Is just war thinking flexible enough to address the unique ethical problems of contemporary warfare? In this book, Amy E. Eckert takes up the problem of military privatization, asking whether the just war tradition can adequately address the ethical problems posed by states’ increasing reliance on private military companies (PMCs). Such corporations—including the now defunct Blackwater—provide a variety of services to the states that hire them, from logistics to combat.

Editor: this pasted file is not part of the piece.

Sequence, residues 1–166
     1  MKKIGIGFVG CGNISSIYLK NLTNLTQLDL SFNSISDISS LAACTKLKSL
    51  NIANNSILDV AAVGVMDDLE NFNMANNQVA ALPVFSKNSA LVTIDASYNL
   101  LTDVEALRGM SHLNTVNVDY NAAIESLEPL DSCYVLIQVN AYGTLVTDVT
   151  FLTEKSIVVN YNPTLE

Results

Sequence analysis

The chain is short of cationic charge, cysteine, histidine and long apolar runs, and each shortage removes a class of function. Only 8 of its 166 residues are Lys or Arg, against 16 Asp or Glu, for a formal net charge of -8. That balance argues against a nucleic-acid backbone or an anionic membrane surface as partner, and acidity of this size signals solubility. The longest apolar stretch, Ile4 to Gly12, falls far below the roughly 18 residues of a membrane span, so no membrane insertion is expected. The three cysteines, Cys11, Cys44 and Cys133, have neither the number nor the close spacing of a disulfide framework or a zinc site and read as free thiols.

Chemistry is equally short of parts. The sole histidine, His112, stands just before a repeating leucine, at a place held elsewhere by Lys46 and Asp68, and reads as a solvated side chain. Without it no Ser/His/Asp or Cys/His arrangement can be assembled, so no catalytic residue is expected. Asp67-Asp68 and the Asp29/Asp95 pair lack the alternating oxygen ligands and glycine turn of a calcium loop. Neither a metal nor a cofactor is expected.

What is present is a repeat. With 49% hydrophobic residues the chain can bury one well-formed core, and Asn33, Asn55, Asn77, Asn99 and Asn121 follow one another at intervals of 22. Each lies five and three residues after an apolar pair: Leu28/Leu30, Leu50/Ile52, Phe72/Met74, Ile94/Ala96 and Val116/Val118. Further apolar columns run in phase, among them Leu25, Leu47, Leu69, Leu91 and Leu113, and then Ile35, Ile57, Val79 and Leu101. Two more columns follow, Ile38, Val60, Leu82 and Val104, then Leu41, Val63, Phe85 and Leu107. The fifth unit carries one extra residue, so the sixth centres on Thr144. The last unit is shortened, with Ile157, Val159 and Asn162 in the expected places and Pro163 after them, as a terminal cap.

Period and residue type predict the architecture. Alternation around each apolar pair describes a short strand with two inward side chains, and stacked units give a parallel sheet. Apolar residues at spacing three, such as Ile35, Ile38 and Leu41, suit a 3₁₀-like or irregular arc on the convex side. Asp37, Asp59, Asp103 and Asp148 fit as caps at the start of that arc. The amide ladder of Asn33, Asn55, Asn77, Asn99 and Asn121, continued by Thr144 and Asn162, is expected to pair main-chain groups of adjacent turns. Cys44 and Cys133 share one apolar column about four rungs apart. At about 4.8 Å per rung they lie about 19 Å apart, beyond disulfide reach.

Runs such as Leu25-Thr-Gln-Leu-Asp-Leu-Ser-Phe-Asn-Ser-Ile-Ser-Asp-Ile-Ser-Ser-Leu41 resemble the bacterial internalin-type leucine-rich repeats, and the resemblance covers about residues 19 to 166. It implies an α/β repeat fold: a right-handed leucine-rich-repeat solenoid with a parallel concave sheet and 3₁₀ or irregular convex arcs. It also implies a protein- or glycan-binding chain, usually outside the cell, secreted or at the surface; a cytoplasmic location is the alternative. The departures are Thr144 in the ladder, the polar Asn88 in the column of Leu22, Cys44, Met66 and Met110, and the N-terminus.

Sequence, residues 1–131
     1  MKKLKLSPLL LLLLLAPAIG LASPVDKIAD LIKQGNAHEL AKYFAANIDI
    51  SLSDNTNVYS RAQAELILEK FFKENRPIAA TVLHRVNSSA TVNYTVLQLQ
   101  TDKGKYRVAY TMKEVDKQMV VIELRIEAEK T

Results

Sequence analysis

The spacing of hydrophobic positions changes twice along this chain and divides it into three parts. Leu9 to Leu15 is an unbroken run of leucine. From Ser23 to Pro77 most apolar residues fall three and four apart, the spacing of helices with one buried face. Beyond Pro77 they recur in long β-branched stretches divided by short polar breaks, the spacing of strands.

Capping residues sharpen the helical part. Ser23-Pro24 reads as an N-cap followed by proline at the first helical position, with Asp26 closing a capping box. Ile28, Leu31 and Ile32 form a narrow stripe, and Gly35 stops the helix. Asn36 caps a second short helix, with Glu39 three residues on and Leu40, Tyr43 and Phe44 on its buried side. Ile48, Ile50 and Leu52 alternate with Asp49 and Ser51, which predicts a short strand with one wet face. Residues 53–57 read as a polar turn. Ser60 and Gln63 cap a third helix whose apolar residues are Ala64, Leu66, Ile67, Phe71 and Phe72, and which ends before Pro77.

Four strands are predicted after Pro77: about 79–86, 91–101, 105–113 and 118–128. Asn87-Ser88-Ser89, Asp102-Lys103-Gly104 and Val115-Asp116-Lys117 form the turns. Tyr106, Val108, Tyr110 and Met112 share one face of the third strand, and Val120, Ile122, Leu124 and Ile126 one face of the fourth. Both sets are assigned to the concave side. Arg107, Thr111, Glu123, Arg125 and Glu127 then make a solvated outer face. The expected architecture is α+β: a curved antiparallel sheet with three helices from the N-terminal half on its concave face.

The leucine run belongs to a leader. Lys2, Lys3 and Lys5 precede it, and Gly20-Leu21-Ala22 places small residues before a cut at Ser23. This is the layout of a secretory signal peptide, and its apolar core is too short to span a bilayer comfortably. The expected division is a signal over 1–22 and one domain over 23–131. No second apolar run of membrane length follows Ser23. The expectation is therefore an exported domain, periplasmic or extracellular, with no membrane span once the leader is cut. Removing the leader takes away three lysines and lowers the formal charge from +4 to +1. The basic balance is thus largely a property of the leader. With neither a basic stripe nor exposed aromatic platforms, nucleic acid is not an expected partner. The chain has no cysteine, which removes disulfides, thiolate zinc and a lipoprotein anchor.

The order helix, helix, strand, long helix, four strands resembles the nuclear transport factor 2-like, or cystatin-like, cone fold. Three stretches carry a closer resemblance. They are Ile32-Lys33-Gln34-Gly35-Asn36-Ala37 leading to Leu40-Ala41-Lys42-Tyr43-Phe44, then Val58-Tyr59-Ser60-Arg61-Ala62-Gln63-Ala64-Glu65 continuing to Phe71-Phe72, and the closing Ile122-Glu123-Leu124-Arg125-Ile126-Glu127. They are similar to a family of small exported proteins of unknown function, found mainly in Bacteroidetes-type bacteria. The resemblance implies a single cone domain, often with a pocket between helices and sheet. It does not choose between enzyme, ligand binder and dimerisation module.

A skeptic might ask why PMCs should prompt revisions of the tradition, since canonical just war thinking (whose authorities include Thomas Aquinas and Francisco de Vitoria) developed in an era when mercenaries were frequently employed. Eckert’s cogent response is that two very modern assumptions motivate contemporary just war thinking. First, Eckert argues that contemporary just war thinking is heavily indebted to the international law of war, which is itself a product of the post-Westphalian state system. Contemporary just war thinking’s statist orientation is challenged by PMCs’ disruption of the state’s monopoly over the legitimate use of force. Similarly, the in bello criteria, in Eckert’s view, developed in their present form only after the rise of the sovereign state and presume a clear distinction between state actors (national mili
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